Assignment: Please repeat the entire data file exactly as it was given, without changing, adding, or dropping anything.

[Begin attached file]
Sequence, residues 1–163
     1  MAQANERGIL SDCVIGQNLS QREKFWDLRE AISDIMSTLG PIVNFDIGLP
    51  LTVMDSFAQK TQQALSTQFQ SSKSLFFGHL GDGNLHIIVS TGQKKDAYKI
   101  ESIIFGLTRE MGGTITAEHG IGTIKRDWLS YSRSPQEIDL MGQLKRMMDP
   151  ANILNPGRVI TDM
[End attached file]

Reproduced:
Sequence, residues 1–163
     1  MAQANERGIL SDCVIGQNLS QREKFWDLRE AISDIMSTLG PIVNFDIGLP
    51  LTVMDSFAQK TQQALSTQFQ SSKSLFFGHL GDGNLHIIVS TGQKKDAYKI
   101  ESIIFGLTRE MGGTITAEHG IGTIKRDWLS YSRSPQEIDL MGQLKRMMDP
   151  ANILNPGRVI TDM